“The omega-3 and omega-6 fatty acids found in fish oils do that in a natural way,” explains Dr. Chartier, “helping the brain function as it’s designed. “Certainly, someone who is significantly depressed and nearly non-functional would likely need more than fish oil, but fish oil is a good place to start to find that balance of effective brain engagement.”

Improving Attention and Focus

In addition to diet, screen time is another major influence on brain function for both children and adults, notes Dr. Chartier. In addition to gaming and cell phone use, both work and school have temporarily shifted to be significantly more on-line. And the resulting increase in screen time—especially when it’s a substitute for direct personal communication— not only affects brainwave activity, but there’s evidence it contributes to social isolation and disconnection.

“While the sources of attention problems vary,” notes Dr. Chartier, “the solution is the same: self-regulation. We work with each client to develop the skills needed to focus their attention. We are able to identify causative factors from a neurological level, by measuring and assessing discernable activity in the brain. And using biofeedback and neurofeedback, individuals can learn to listen and adjust to cues that allow them to focus their attention.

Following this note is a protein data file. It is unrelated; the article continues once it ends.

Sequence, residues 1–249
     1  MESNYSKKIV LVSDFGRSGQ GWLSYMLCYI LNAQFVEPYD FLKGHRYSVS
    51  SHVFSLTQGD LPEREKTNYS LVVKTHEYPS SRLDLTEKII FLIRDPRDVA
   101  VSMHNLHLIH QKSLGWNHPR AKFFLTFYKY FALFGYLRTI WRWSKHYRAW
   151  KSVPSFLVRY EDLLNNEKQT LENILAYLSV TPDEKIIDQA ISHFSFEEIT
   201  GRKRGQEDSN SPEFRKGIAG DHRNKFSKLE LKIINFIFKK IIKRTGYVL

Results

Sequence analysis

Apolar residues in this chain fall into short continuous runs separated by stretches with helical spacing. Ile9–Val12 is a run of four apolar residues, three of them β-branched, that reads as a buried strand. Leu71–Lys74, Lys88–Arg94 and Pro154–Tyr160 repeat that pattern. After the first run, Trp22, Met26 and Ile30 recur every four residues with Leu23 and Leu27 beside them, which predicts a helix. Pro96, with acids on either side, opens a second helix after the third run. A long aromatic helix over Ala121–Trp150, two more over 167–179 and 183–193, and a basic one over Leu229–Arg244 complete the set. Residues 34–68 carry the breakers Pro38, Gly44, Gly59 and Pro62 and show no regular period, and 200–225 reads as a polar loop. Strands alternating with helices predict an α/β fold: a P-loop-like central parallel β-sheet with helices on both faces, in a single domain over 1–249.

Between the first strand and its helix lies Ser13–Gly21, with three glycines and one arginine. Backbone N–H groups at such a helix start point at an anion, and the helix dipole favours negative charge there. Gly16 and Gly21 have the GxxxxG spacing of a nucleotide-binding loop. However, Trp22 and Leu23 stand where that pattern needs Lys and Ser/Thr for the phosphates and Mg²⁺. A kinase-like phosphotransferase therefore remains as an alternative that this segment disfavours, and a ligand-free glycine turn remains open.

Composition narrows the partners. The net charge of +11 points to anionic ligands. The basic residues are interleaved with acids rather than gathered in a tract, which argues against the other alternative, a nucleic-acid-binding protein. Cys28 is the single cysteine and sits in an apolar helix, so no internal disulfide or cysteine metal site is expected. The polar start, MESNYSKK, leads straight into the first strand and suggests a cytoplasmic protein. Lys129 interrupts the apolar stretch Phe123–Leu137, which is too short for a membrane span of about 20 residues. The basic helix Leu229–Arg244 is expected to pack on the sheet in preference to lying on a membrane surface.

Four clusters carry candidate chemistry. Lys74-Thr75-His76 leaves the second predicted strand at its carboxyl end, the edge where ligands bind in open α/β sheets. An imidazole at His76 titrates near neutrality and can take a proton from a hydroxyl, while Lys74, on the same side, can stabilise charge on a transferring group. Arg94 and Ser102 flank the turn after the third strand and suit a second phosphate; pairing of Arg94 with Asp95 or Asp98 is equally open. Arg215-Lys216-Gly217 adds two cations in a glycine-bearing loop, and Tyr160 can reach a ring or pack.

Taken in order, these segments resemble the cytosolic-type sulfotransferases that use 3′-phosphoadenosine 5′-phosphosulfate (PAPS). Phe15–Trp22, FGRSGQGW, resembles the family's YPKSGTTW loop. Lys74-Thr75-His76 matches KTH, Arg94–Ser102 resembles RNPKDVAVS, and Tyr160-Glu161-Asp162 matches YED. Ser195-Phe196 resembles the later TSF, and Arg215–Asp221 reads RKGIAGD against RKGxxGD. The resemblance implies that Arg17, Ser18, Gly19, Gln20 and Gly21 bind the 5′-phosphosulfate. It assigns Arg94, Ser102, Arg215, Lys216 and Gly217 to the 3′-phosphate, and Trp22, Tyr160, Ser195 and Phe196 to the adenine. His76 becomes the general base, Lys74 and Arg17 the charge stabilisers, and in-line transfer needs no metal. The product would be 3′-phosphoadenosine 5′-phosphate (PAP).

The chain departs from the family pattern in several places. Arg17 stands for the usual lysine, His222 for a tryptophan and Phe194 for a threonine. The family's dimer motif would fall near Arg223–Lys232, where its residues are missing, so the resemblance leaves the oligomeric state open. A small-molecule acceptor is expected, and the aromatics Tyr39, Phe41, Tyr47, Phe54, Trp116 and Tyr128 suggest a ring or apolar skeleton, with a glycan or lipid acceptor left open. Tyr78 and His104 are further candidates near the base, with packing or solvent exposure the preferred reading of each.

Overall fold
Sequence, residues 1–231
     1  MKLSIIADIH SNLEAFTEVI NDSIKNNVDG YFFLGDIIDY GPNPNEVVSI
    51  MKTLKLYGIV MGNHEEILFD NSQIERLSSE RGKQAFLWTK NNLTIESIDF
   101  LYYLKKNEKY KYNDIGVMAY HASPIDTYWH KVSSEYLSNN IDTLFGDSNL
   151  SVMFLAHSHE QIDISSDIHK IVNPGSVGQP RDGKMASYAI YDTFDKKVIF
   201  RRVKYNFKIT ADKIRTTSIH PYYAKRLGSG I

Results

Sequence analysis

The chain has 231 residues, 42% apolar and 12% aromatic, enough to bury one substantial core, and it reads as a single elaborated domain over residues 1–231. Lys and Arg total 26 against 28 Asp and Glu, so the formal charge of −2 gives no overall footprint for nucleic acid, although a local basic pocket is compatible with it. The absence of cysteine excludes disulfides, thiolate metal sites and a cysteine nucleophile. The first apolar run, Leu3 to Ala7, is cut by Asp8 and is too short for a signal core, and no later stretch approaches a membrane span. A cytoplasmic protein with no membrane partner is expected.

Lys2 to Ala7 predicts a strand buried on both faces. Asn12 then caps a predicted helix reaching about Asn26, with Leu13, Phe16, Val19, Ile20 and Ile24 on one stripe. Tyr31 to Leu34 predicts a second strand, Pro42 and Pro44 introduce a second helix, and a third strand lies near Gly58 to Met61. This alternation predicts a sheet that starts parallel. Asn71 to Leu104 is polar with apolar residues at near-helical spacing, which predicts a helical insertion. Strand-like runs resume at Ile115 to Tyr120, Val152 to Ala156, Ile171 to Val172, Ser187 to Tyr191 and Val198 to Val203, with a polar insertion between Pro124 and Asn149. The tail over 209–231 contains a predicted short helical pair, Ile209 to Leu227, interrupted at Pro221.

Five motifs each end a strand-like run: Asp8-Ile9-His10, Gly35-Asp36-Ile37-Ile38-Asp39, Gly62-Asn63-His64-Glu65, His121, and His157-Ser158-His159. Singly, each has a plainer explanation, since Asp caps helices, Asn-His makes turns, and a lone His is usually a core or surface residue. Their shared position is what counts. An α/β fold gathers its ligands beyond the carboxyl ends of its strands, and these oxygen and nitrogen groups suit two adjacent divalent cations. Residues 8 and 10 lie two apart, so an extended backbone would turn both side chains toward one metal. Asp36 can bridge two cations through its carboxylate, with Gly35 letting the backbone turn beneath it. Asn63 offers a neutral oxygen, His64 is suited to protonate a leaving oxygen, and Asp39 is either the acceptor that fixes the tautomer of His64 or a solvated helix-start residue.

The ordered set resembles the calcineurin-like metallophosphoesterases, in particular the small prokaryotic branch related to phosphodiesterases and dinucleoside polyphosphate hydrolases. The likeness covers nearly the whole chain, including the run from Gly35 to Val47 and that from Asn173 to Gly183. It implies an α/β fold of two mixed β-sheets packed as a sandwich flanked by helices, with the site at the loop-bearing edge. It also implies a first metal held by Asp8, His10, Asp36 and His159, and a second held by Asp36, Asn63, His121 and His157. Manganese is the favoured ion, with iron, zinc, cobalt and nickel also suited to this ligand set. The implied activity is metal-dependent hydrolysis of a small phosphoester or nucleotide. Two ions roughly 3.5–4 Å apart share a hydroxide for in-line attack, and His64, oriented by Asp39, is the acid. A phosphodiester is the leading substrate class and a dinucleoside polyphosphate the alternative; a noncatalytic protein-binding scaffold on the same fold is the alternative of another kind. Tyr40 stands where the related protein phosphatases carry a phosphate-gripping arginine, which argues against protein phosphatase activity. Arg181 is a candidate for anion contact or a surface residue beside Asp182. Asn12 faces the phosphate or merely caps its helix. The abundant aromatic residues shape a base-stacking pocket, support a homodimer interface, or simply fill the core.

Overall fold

“Just like any athletic or musical skill,” notes Dr. Chartier, “awareness can be developed with training and practice. A recent example we’ve seen is a 10-year-old client of mine suffering from attention issues. In just a few weeks of biofeedback sessions over Zoom, his focusing skills have improved so that he and his parents have already noticed a difference in his ability to respond appropriately without being distracted, anxious or distressed.”

The Process Can Work Differently than Expected

“When I think about the impact of food on health, I’m reminded of the inextricable connection between mind and body. It’s what my practice is all about. And one patient comes to mind that illustrates the connection in an unusual way.

“Some years ago, I worked with a woman who was both a highly functioning executive and a dedicated mom and wife. But she had developed abdominal pain that just wouldn’t respond to typical medication.

“She had very high levels of tension as measured by muscle contraction and fast frequency brain activity, and it was surmised that the source of the pain was the extreme tension in her body. However, over a few months, she did sufficient training sessions to significantly reduce those levels of tension, but the abdominal pain persisted. When the pain continued despite her release of tension and anxiety, all the arrows pointed to an organic cause that just had not been found.

“I referred her to an internal medicine specialist who was able to diagnose and verify that she had a genetic defect in the plumbing of her bile duct. Certain foods would trigger her pain.

“Biofeedback didn’t solve her pain problem. But, by eliminating the assumed cause—tension—it permitted an accurate diagnosis and solution. And by eliminating the pain, it also reduced her stress.”

Whether it plays a direct or indirect role, says Dr. Chartier, “food is a cornerstone of health—mental, physical, and emotional.”